morale, and encourage defections. Thapa was optimistic about
the prospects of severely degrading the Maoist military
capabilities before the start of the monsoon in June. At
that point, he said, operations will necessarily slow down
due to the weather, and it will be “up to the politicians” to
resolve the conflict. “If they fail, then we will be back
at work after the monsoons.”

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MANGALSEN WAS A SETBACK, BUT LESSONS ARE BEING LEARNED
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¶7. (C) When asked why the RNA was so optimistic only two
weeks after the debacle at Mangalsen, Thapa made three
points. First, the contingent in Mangalsen was not prepared
to defend itself. “While we don’t like to talk bad about the
dead, the commander made many mistakes.” He went on to say
that the garrison in Mangalsen had not prepared proper
perimeter defenses, whereas the recent successful defense of
a repeater tower by a similarly-sized garrison was a
testimony to the importance of proper tactical preparation.
The lessons of site selection, clear fields of fire, razor
wire and trip flares were now being systematically passed on
to all platoon and company commanders, according to Thapa.
Second, Thapa claimed that the Maoist attacks in Achham
district, including Mangalsen, were not a complete success.
He claimed that it was the Maoist intention to hold the
district capital for the entire day. However, the Maoists
were surprised by the arrival of RNA reaction forces by
helicopter and were forced to leave the area in haste.
Similarly, the subsequent Maoist attack on the police post at
Salyan was disrupted by the arrival of an RNA helicopter.
Third, Thapa continued, since the attack at Mangalsen, the
RNA had achieved a number of successes throughout the country
and inflicted heavy casualties on “hard-core” Maoist cadre.
This was particularly true, he claimed, in the successful
ambush of forty-plus heavily armed Maoists trying to return
to Kalikot district from Achham. According to Thapa, the RNA
had four transport helicopters and two ‘gunships’ in the area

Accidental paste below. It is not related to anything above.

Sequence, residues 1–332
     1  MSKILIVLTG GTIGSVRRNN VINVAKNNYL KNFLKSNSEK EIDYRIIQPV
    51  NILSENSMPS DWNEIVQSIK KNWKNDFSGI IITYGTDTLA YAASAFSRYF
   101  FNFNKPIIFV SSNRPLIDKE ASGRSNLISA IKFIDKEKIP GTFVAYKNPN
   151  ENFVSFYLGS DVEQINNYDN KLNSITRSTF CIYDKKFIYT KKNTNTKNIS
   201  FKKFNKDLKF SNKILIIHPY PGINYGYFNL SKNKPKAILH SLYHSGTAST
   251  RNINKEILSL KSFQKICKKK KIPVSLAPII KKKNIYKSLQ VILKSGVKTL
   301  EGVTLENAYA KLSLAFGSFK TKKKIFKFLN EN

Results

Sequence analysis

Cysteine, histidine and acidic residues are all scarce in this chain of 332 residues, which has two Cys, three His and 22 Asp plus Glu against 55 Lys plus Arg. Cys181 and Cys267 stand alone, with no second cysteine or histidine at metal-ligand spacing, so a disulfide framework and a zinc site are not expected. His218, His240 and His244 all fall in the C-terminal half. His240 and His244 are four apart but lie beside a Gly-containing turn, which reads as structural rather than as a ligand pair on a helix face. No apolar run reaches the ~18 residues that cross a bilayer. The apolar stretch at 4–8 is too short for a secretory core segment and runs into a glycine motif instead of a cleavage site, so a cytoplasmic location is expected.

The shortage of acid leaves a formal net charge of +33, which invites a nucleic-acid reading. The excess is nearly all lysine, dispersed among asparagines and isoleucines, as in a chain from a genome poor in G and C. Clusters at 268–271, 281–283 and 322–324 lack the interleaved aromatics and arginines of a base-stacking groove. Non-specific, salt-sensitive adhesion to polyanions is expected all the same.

in preparation for a planned cordon and search operation.
When the RNA learned that this Maoist contingent would be
entering a pass between the two districts, he said, the
cordon and search operation was called off and the force was
quickly deployed ahead of the Maoist line of march. This
successful ambush, high body count, and recovery of
significant weaponry did much to restore RNA morale.

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THE RNA CAN WIN, BUT FOREIGN ASSISTANCE WILL BE NEEDED
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¶8. (C) Thapa noted that more such raids will be conducted as
the RNA makes the transition to a counter-insurgency role and
takes the offensive. It is difficult, however, because of
the shortage of troops and the fact that it will be many
months before the 5,000 new recruits can take the field. He
stated that they are further handicapped by a shortage of
equipment that can make the difference, particularly
helicopters and the ability to fly them at night or in poor
visibility. Thapa noted that the RNA had used what slim
resources it had available to contract with an Israeli
commercial firm to install some armor plating and fixed
machine guns on their existing “scout” helicopters. Thapa
went on to say that he had recently had a meeting with the
Governor of the Central Bank to determine what further